The Indian VAS industry registered a 70% growth in 2008-09 from Rs. 9760 crores (07-08) to 16520 crores (08-09).Music is easily the biggest VAS opportunity in the Indian context and everyone from Telecom Operators to Device manufacturers to Content Providers and aggregators are vying for a slice of the music pie. However the downloading of a full song on mobile phone is still at a lowly 13% and online music downloads are 6% of internet penetration in Indian households. Buying a music CD in a physical store is still the most acceptable mode of buying music in India. And then there is Piracy.

The following are the online music access models prevalent in India:

1. Streaming subscriptions: Consumers pay flat monthly rate for unlimited access to a music library. The content is DRM protected and cannot be saved to any memory. The Airtel and Vodafone Radio services @ Rs.30 for 30 minute song streaming is an example of the service.
2. Pay Per song download: Like a song? Pay for it…. Download it. Hungama and iTunes charge a minimum of Rs.5 for DRM protected downloads. This means the song cannot be transferred to another device.
3. Unlimited Songs on a monthly/yearly basis: Fixed fee starting from Rs.99/month, where in the customers pays for a time period and can download as much as he can during that time period. This model is also referred to as “All you can eat” model and is available from different sources mostly in DRM formats which means device transferability is constrained.
4. Free Music: This new concept brought forth by Nokia de-couples the consumer paying for his music and instead serves up Ads to the consumers. As stated earlier, consumers seem to be fine with Ads if they get to keep the music that they like. Moreover Nokia aspires to leave out the DRM bit out of it which will make the music freely accessible and shareable to all.

The music eco-system needs to adapt itself very uniquely to stay relevant to consumers who have largely been swayed by P2P digital music sharing and privacy. A few interesting notes on that.
1. Music industry also seeks serves premium content at a graded pricing to make margins on more popular content. That way the normal content is available at flat rates and the premium content gets good margins for the sellers.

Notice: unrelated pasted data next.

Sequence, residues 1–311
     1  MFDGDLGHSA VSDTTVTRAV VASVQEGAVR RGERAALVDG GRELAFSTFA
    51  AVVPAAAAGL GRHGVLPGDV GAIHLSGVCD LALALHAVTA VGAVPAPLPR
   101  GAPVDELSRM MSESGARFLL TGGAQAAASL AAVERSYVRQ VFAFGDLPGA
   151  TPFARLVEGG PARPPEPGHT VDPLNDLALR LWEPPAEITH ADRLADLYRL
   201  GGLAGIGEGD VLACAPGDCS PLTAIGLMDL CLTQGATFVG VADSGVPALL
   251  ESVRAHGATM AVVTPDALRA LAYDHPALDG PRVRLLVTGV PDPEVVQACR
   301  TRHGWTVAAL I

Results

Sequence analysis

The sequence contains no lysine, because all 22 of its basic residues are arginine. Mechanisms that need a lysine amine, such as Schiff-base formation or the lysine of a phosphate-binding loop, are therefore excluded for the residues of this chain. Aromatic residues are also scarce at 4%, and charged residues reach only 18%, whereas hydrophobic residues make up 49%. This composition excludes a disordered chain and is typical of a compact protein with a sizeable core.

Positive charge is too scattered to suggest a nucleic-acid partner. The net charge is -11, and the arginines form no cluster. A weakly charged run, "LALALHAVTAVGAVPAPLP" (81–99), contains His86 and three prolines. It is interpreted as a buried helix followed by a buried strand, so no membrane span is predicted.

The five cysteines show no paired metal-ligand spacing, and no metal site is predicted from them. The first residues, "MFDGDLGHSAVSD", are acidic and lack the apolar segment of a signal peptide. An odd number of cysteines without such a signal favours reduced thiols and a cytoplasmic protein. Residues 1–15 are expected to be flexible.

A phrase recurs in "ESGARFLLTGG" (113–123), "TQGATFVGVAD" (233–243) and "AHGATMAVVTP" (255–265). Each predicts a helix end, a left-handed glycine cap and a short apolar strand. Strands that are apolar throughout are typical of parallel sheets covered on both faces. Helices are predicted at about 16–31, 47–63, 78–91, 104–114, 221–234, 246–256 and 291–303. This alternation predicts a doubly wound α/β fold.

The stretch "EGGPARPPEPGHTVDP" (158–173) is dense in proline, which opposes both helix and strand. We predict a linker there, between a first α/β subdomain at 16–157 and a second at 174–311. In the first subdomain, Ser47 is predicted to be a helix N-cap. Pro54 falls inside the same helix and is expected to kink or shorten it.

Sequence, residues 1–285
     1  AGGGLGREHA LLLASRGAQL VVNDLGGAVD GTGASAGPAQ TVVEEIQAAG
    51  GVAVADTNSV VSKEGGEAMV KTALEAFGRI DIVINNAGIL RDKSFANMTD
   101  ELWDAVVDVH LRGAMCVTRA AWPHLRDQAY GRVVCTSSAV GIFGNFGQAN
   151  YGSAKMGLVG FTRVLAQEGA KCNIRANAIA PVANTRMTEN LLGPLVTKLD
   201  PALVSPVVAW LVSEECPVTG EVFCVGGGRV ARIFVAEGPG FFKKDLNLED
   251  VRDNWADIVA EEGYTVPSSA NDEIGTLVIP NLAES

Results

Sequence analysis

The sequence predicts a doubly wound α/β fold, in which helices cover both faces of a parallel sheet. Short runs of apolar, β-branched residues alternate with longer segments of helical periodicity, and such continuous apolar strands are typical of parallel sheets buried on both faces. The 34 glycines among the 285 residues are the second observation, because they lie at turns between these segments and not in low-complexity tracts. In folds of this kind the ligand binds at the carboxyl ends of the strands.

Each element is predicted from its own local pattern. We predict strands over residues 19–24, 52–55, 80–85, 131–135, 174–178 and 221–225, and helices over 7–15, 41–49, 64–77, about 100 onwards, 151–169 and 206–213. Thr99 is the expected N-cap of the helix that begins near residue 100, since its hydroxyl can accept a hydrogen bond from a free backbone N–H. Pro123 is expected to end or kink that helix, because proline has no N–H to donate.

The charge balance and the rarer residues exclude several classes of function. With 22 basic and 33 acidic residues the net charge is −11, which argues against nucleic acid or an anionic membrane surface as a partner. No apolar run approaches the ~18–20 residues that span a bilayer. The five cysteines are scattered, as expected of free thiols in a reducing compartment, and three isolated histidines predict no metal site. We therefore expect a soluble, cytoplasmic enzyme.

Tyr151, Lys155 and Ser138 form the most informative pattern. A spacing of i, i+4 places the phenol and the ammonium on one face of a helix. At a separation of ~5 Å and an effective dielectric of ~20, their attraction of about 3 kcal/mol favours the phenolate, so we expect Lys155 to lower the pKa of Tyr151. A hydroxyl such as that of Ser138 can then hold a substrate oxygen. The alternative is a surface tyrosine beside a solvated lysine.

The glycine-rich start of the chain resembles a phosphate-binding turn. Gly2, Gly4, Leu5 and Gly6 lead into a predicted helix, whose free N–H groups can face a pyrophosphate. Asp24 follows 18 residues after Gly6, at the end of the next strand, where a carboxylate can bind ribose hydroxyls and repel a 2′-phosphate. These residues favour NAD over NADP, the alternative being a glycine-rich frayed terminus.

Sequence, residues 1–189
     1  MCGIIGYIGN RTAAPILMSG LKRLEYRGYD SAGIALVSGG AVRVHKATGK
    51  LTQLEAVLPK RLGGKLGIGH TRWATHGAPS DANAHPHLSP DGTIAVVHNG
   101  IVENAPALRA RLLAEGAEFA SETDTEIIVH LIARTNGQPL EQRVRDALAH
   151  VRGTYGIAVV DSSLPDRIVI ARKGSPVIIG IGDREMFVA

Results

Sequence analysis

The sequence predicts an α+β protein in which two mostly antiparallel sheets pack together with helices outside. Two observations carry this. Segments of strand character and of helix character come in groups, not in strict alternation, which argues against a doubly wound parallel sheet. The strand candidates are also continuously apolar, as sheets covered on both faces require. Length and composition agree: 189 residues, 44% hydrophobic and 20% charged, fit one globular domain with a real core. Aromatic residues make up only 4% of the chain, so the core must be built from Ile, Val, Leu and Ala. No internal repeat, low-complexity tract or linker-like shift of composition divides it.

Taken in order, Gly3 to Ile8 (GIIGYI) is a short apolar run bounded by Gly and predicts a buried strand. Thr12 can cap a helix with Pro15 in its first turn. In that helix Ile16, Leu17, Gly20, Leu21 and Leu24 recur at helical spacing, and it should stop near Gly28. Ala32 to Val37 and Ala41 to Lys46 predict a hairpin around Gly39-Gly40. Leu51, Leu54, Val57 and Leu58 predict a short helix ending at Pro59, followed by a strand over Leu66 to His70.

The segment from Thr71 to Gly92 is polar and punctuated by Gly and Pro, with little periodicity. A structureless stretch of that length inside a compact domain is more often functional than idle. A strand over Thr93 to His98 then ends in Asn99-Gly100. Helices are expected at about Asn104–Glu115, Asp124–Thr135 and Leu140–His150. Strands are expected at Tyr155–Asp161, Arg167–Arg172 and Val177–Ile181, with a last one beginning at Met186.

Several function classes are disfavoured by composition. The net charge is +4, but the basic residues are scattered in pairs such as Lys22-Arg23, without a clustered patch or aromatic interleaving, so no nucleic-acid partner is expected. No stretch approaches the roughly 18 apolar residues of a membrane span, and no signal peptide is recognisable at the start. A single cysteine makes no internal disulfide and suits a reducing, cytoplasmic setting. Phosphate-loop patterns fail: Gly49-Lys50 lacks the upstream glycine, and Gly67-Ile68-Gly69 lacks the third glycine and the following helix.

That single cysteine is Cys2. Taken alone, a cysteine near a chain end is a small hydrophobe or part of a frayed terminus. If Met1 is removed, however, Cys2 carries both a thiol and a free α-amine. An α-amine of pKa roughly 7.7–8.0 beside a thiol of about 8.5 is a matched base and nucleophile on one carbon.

2. The other value add is in terms of content aggregation. Users appreciate a one stop solution for their music rather than going to each individual content source for their kind of music. That is where the telecom service providers and content aggregators step in providing a uniform platform to sell content from different labels.
3. Finally there is the question about MP3 (DRM free content) versus DRM content. In many terms Nokia is getting very ambitious experimenting with free music and coupling it to mobile ads. Thus to an extent it commoditizes the product, but also establishes a whole new Ad revenue connection with Online music access.

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Microsoft: Music for free/Download to own service

Posted in Mobile Devices and Company Updates, Value added services and applications by Manas Ganguly on July 14, 2009

Starting end of July, Microsoft will offer users the chance to stream music for free and also download to own. Music is an important area for Microsoft and they are looking at launching a music streaming service imminently (also from a view to bolster the appeal of Microsoft Zune). This music streaming service is similar in principle to Spotify.

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 Users can stream music for free in exchange for listening to around a minute of advertising every half hour but for £9.99 a month, the ads will be turned off. It is thought Microsoft’s offering will be ad-supported too as well as having a paid-for premium service.

 Microsoft is looking at how other similar businesses have structured their business models and trying to figure out what will work best for both consumer and Microsoft. The service would be operated and owned by Microsoft, while being promoted through MSN and other parts of the Microsoft network.

The service could be tied in with Microsoft’s Xbox gaming console, though the details of how a partnership would work have not been drawn yet. The addition of a Microsoft-owned music streaming service would tie in with an increasingly consumer focussed strategy from company to make its Xbox 360 console the main “entertainment hub” in the family home. Users are already able to download movies through their console and play games against one another online.

In an increasingly competitive marketplace, Microsoft can bring “scale and a quality of product” to the music streaming scene. The knowledge of the music industry the company had gleaned via Zune and also the player’s technology, had all been incorporated into the service’s development process. Microsoft recently announced it would launch a high definition version of its music player: Zune , but it will only be available in the United States. Microsoft is in talks to identify download partner for its music streaming service.